Last week, Bing introduced some notable tweaks to its user interface. Following this, Bing announced that it has partnered with Encyclopedia Britannica to present information that is more related to a search query on its search results page.
Bing said in a Wednesday blog post, “Starting today, we’re excited to announce a partnership with Encyclopedia Britannica to include Britannica Online answers directly in the Bing results page.” Bing says that the main purpose of the partnership is to deliver “relevant information in a more organized way” to help users find useful information quickly.
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Google has replaced its ‘Product Search’ feature with a new business model named ‘Google Shopping‘. The new change would charge merchants and retailers for product listings and displaying product info in the usual search results. The company says that the commercialized Google Shopping program would deliver an improved shopping experience for searchers.
Sameer Samat, Google’s Vice President of Product Management wrote in a blog post, “Today we’re announcing a new initiative to improve our shopping experience over time—so that shoppers (your customers) can easily research purchases, compare different products, their features and prices, and then connect directly with merchants to make their purchase.”
Google has been in the product placements and search for almost a decade and has been offering merchants free access for product-listing so far. Now, Google is altering some of the ground rules of Product Search to provide an efficient shopping service to users via the new Google Shopping. First of all, merchants have to pay for product placements on the search results. Google will decommission a search product that formerly listed companies for free.
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Major search engines are employing new techniques to make the search process much easier for users. Microsoft, two weeks ago, tweaked its search engine Bing to display search results in three columns. Google, last week introduced the ‘Knowledge Graph’ to display associated search results based on people, places and things.
And now, Yahoo has launched its own search browser named ‘Axis‘ which stands out in displaying search results. Axis changes the usual way of exploring the web by users. It replaces the display of traditional search results links with a preview of web pages in a convenient visual format. Users can swipe across the visual results without leaving the page they are on.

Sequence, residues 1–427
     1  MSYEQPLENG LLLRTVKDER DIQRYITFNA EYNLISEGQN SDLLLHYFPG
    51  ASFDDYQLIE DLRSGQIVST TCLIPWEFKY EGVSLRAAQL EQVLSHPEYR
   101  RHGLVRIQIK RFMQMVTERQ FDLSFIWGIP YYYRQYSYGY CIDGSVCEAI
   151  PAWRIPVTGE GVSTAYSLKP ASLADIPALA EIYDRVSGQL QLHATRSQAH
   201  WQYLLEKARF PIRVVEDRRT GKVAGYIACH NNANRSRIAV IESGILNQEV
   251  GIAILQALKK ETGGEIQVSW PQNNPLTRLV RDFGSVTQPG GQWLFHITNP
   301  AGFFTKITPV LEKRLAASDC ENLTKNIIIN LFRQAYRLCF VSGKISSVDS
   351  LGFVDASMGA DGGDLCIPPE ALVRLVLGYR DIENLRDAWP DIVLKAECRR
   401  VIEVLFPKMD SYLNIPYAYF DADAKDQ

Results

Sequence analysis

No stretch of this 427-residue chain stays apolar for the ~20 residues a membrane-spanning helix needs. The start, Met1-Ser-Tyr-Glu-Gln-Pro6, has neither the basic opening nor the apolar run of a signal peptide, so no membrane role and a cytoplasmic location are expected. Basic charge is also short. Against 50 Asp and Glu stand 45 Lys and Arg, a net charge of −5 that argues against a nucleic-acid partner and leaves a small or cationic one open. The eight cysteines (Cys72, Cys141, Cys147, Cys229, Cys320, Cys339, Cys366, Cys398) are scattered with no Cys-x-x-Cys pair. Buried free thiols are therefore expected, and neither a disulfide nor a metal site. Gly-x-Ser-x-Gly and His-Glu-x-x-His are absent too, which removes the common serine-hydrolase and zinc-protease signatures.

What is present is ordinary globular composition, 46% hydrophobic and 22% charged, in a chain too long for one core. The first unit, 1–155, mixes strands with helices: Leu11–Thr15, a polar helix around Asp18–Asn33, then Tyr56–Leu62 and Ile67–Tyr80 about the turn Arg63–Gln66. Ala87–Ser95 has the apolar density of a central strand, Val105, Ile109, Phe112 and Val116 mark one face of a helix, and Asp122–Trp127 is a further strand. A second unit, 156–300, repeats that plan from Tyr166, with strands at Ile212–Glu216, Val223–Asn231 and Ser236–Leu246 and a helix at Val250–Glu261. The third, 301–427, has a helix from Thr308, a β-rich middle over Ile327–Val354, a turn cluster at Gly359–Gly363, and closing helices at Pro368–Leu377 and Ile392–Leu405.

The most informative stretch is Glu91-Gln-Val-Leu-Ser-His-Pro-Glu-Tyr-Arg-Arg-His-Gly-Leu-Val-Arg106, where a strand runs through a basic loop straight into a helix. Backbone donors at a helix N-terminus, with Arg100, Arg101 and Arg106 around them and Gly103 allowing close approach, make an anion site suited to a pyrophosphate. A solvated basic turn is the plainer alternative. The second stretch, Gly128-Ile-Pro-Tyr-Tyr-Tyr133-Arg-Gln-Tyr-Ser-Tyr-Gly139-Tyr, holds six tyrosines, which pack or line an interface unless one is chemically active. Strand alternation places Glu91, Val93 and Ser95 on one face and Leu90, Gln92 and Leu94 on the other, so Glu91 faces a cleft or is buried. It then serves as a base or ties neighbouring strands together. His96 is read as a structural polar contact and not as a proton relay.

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Whenever Google alters its search engine algorithms, it creates a ripple effect on ranking among businesses over the Web. The rise and fall of any business depends on the ranking of its site in the Google search results. It’s been a topic of debate since the release of Google Penguin update that it has impacted many small businesses that heavily rely on the Google ranking results for their existence.
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comScore, a global leader in measuring the digital marketing landscape, has recently released its qSearch report of the U.S. search market in April 2012. Google sites topped the U.S. search engine ranking list in the explicit core search market.
comScore releases qSearch data every month to help users analyze the impact of contextual searches on the search marketplace. comScore defines “Explicit Core Search” as “user engagement with a search service with the intent to retrieve search results.”
According to comScore’s report, Google sites top the U.S. explicit core search market in April 2012 with a 66.5% market share, which is 0.1% up from March 2012. Microsoft sites came in second with 15.4% of the total market share whereas Yahoo sites grabbed the third spot with 13.5% of the share. Ask Network and AOL, Inc. accounted for 3% and 1.6% respectively of the explicit core searches made.
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